Canon 4 of the Code obligates a lawyer to preserve the confidences and secrets of a client. Disciplinary Rule 4-101(A) defines "confidence" as information protected by the lawyer-client privilege under applicable law and defines "secret" as other information gained in the professional relationship that the client has requested be held in violate or the disclosure of which would be embarrassing to the client or would be likely to be detrimental to the client. In the writer's opinion, information reflected in a lawyer's records of client trust funds could, in some circumstances, be either a confidence or a secret. In American Bar Association Formal Opinion 1287 (June 7, 1947), the Committee ruled that the disclosure of the names, addresses and phone numbers of clients of a Legal Service Office, absent consent, would be a violation of DR 4-101(B) because that information is considered a "secret" within the meaning of DR 4-101(A) since it might be an embarrassment to the client for any number of reasons to have it revealed that the particular person or entity was a client of the office. Again in ABA Formal Opinion 334 (1974), the American Bar Association Committee Professional and Judicial Ethics, stated that "lawyers should follow procedures to preserve the client's anonymity." DR 4-101(A) and (B) would not, however, prevent the employment of responsible outside specialists to examine and audit the law firm's financial records. Disciplinary Rule 4-101(D) recognizes that a lawyer has a need to use "others" in order to properly render legal services to clients. This section further obligates the lawyer to use reasonable care to prevent those persons from disclosing or using confidences or secrets of a client. Ethical consideration 4-3 states that "unless the client otherwise directs, it is not improper for a lawyer to give limited information from his or her files to an outside agency necessary for . . ." accounting and other legitimate purposes, if ". . . he exercises due care in the selection of the agency and warns the agency that the information must be kept confidential." In ABA Informal Opinion 1364 (1976), the Committee ruled that a law firm's use of a computerized data processing bureau for efficient record keeping is included within DR 4-101(D) which refers to "others who services are utilized by him." This subject was further dealt with in ABA Informal Opinion 1443 (December 10, 1979), in which the ABA Committee admonished the lawyer to notify a client in advance that an efficient legal practice requires modern business technology in the form of outside agencies and persons. In ABA Informal Opinion 1443 the Committee said:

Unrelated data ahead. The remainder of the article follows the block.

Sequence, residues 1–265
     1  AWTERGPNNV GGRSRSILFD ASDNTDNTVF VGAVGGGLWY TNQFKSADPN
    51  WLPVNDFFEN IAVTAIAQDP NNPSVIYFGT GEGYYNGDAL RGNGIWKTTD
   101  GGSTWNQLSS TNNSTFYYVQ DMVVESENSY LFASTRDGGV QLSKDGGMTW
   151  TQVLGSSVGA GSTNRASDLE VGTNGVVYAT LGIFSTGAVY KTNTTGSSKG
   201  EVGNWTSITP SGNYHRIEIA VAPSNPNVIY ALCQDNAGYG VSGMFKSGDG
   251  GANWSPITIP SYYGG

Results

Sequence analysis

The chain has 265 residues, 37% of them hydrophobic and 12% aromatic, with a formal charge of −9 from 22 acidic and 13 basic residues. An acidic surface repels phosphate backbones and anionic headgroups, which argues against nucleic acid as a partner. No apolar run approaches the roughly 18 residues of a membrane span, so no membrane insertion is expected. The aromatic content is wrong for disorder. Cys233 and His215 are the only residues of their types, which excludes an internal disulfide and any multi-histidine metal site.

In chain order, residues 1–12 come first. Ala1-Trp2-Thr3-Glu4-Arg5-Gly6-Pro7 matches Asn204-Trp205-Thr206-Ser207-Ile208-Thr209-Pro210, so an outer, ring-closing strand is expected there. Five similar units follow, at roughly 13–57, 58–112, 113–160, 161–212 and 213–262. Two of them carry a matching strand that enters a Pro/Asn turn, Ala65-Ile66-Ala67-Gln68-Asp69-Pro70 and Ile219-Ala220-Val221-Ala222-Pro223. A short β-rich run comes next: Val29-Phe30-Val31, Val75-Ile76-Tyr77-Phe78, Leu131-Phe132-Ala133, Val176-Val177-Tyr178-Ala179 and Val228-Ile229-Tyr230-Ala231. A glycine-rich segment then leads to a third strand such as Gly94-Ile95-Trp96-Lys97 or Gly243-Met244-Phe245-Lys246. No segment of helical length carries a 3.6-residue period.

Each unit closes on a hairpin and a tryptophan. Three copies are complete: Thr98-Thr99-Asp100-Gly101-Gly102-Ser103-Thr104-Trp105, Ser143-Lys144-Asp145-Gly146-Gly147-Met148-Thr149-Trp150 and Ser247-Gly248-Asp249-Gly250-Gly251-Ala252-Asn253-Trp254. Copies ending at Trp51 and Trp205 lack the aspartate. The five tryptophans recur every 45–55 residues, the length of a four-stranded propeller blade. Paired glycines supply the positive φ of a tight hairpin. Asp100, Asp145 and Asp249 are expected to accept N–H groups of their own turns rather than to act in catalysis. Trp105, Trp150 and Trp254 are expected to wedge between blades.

"We conclude that a legal services program may properly employ an independent accountant, chosen with reasonable care, to examine and audit the programs records of receipts and disbursements of client trust funds, if the independent accountant undertakes confidentiality in the handling of the information."